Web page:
These are the Men

 Laura Leffler-McCabe as Jocasta, Michael Ooms as Creon, surrounded by the ensemble. Photo by Carl Atiya Swanson.

Laura Leffler-McCabe as Jocasta, Michael Ooms as Creon, surrounded by the ensemble. Photo by Carl Atiya Swanson.

Walking into the Southern Theater to see a retelling of a story first performed on stage over two millennia ago is a wonderful experience. The contrast of the exposed modern lighting and minimalist set pieces to the beautiful, century-old proscenium arch is a fantastic metaphor for the show itself, blending old and new.

These are the Men is a new play from Savage Umbrella that tells the story of the Greek classic Oedipus Rex from the point of view of the tragic heroine, wife, mother, and wife/mother Jocasta as she tries to cope with a complex intertwining of fate, prophesy, love, and the wrath of the Gods. The play opens upon the conception of Jocasta’s first son Oedipus. Jocasta’s relationships with her first husband Laius, second husband Oedipus, and brother Creon are not recounted in a straight line but experienced in fragments; the play jumps between disconnected points along the timeline of her relationships with these three men. As this temporally disjointed narrative evolves, we are introduced to elements of fate by Pythia (the oracle of Delphi), and free will (by the blind prophet Tiresias). These are the Men does a great job of shining new light on an old story and bringing a lot of emotional depth to an originally supporting character.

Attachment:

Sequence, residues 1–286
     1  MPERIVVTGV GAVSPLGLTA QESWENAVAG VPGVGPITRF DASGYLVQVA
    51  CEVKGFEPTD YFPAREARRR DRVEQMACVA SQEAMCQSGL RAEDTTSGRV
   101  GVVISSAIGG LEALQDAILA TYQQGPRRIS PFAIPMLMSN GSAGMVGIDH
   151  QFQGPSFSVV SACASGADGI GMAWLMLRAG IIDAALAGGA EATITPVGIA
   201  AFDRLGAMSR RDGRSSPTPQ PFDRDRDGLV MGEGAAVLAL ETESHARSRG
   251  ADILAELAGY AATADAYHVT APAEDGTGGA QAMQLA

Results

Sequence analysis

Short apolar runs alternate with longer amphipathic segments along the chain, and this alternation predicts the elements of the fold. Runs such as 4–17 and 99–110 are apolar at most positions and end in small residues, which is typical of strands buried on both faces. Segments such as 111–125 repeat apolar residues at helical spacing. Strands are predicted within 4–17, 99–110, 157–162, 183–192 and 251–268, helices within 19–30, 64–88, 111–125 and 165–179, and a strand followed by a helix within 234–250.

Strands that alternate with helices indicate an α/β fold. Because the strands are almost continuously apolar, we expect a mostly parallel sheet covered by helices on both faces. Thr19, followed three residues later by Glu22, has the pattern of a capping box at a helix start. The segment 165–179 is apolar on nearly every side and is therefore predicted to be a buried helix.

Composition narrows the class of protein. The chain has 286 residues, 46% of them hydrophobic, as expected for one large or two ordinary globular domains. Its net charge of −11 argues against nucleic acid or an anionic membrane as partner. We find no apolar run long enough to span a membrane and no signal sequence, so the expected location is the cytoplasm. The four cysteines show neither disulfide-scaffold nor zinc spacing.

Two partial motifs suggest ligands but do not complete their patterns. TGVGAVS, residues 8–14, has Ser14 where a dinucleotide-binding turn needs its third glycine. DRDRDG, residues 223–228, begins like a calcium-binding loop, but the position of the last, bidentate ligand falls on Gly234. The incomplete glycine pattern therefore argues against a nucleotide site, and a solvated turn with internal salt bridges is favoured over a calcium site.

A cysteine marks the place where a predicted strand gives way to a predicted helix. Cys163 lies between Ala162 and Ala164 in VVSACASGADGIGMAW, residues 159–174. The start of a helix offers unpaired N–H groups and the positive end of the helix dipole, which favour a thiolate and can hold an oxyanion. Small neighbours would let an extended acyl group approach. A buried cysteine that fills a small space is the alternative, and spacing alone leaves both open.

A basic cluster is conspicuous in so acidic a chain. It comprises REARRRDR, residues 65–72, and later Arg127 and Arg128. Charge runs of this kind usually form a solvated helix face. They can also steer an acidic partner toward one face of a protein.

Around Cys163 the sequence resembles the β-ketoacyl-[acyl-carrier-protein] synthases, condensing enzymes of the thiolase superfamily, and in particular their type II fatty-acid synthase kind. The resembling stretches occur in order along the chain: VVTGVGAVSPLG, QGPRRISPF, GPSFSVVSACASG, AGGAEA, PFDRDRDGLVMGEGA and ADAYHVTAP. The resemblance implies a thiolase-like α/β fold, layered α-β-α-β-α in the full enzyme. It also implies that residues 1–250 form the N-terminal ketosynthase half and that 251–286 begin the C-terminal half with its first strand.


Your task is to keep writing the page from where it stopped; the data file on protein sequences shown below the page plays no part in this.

It must be said that Laura Leffler-McCabe does an amazing job portraying Jocasta, as she quickly jumps from one part of life to another. Leffler-McCabe draws the audience into Jocasta’s deep confusion through amazing emotional range. Michael Ooms’ performance as Jocasta’s brother Creon is also notable for its depth of character development. Ooms does an amazing job of slowly revealing the manipulative nature of this character, after drawing the audience in as the kindly elder brother and uncle.

From a technical perspective this play is wonderfully executed. There are a lot of scene changes which happen with amazing fluidity. All too

 Laura Leffler-McCabe as Jocasta, surrounded by the ensemble. Photo by Carl Atiya Swanson.

Laura Leffler-McCabe as Jocasta, surrounded by the ensemble. Photo by Carl Atiya Swanson.

frequently, plays leave the audience in the dark while costumes are changed and props are moved, but that is not the case here. The combination of smart stage design (kudos to scenic designer Brian Proball and assistant Travis Collins, and properties designers Heidi Jedlicka Halvarson and Laura Leffler-McCabe) and versatile costumes (by Heidi Jedlicka HalvarsonMason Mahoney, and Laura Leffler-McCabe, who apparently is a jill-of-all-theatre-trades!) allowed for very fast scene changes that contributed to the fluid sense of time, keeping the play moving and the audience engaged.

I highly recommend this new play. It is poignant, with a surprising number of lighthearted moments for such a tragic tale. Blake E Bolan and Laura Leffler-McCabe‘s script brings new depth to an old story, reinvigorating it for a new generation. This is a great addition to the Southern Theater’s new ARTshare program. ARTshare is a partnership between local theatre companies and the Southern Theater which sells year-long memberships for $18 per month, allowing members to attend an unlimited number of performances by these resident theatere companies.

These are the Men, by Blake E Bolan and Laura Leffler-McCabe, performed by Savage Umbrella, runs March 14-April 18, 2015 as part of ARTshare at the Southern Theater, 1420 S Washington Ave, Minneapolis, MN. Tickets are $24, or are covered under the $18/month ARTshare program, at or

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